The Minneapolis City Council voted unanimously Friday to approve a redevelopment concept for a section of Mississippi riverfront in north Minneapolis.
The Upper Harbor Terminal plan concerns 48 acres of riverfront. It envisions entertainment facilities and affordable housing, and it would restore river access to nearby neighborhoods.
The plan's journey from the drawing board to the City Council has not been smooth. The voting process was repeatedly delayed, and resentment has been building among community groups and interest groups that are concerned with river issues.
One community group, the Eco Harbor Co-Creation team, said the city has not engaged the public adequately, nor kept its interests in mind.
"It's a little frustrating for the community to have to bring to the attention of elected officials that they need to include residents, that they need to apply equity, that they need to engage with the principles of the Promise Zone," said Catherine Fleming, a member of the Co-Creation team.
The National Park Service issued a statement Feb. 26, voicing its own concerns that the plan's land-use allocation does not acknowledge the river.
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"There is opportunity for the performing arts center, hub and hospitality center to, in their design and intention, draw inspiration from the river and related history such as lumber milling and barging," the Park Service statement said. "Instead it seems they could be located on any street in any city or suburb."
Opponents of the plan have a largely unified message: Delay the process so that the development team can come up with alternative designs that align with economic and environmental goals.
The city has been working on multiple fronts to reply to that message.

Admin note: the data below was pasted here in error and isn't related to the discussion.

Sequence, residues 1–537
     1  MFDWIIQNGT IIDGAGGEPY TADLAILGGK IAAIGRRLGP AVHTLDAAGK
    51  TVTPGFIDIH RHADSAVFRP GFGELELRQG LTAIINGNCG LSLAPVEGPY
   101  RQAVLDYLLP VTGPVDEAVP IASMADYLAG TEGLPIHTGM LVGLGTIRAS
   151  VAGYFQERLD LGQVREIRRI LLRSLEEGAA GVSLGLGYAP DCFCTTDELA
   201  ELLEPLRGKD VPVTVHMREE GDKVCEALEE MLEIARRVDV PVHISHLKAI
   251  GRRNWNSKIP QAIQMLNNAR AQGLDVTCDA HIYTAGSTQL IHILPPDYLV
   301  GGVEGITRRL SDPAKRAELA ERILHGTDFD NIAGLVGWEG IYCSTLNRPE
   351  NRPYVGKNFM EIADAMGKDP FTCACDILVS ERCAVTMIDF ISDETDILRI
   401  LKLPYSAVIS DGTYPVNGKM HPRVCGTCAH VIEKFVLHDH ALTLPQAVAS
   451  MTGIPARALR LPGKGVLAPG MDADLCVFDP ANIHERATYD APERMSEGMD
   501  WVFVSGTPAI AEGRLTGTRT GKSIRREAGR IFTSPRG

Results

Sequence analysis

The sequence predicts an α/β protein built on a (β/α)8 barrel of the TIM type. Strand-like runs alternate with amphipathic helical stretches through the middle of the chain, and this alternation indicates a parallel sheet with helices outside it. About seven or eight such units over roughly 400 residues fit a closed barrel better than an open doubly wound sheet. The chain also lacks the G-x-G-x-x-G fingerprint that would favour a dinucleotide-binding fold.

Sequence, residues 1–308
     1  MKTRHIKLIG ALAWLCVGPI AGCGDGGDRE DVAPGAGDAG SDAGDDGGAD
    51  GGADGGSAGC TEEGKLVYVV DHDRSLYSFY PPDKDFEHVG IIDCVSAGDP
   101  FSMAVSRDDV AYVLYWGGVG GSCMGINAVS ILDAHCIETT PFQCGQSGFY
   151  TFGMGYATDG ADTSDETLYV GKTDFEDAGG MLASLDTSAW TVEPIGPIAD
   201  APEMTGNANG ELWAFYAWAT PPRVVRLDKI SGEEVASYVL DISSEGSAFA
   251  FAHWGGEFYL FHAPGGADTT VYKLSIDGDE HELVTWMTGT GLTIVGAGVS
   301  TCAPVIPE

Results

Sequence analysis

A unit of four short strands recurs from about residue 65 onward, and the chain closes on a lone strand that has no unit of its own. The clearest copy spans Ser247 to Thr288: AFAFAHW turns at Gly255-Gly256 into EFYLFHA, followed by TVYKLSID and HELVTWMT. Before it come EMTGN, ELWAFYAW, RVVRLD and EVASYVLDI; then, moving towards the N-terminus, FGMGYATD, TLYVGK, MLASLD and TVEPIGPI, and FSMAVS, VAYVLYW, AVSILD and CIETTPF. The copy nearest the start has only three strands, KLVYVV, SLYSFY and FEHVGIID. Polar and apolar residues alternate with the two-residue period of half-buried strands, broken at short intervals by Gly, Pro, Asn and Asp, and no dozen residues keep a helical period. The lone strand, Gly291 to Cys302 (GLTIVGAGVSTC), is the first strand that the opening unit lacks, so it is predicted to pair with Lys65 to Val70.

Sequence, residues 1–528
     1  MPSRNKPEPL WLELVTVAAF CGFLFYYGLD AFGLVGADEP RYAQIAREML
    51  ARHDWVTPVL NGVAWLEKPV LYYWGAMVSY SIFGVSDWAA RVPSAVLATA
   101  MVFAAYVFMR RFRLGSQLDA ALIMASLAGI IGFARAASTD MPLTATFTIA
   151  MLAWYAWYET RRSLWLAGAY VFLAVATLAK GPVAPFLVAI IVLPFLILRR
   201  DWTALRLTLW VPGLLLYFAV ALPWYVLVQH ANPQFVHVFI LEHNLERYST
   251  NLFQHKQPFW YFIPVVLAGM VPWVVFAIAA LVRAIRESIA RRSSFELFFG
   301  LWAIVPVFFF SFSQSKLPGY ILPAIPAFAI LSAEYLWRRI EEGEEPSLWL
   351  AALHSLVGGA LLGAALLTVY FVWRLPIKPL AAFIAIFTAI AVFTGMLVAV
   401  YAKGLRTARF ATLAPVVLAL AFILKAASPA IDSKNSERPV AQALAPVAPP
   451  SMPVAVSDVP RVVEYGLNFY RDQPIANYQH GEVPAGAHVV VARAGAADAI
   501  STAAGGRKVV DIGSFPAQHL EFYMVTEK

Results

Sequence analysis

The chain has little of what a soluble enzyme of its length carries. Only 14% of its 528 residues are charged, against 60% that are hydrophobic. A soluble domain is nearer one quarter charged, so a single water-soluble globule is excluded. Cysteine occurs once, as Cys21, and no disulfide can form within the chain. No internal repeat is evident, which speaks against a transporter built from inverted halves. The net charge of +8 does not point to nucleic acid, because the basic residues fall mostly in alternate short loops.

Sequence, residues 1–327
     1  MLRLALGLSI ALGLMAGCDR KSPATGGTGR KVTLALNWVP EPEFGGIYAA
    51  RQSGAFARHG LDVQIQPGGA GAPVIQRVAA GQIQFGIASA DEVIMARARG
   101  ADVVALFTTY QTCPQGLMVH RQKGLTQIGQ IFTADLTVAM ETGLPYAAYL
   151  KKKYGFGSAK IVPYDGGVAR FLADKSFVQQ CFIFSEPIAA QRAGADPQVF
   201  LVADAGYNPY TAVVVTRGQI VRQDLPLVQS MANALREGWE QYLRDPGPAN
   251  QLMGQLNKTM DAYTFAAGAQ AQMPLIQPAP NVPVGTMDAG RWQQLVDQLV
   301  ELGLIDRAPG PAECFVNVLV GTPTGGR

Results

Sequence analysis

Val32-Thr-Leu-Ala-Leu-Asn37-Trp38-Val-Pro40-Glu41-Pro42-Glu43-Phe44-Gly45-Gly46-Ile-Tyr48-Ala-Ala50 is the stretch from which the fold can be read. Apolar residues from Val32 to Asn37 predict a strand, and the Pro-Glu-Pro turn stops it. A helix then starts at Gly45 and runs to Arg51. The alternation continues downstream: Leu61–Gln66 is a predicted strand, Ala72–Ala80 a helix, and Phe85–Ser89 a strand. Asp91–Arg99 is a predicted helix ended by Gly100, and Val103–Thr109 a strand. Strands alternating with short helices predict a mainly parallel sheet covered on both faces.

At an Economic Development and Regulatory Services committee meeting last month, committee member Philippe Cunningham proposed the addition of a 15-member community planning and engagement group to the development process.
"This group will have some hard-choice work ahead of them," said Cunningham. He added that responsibilities for the group included "looking at where we should do feasibility and environmental studies" and coming up with alternative designs.
The mayor and City Council will appoint members from different Minneapolis neighborhoods and interest groups. After their appointment, the group will have 60 days to review the plan.
Before the Friday vote, Council Member Cameron Gordon said he understood concerns raised by the community about inadequate engagement.
"I know that there's still some angst in the community over this issue, but I just want to acknowledge that I see this as a real pivot point," Gordon said. "We've clarified in the committee that this is a framework, and there's flexibility in it to make changes."
With the council's affirmative vote, the development team moves to fashion a coordinated plan, where more details will be nailed down.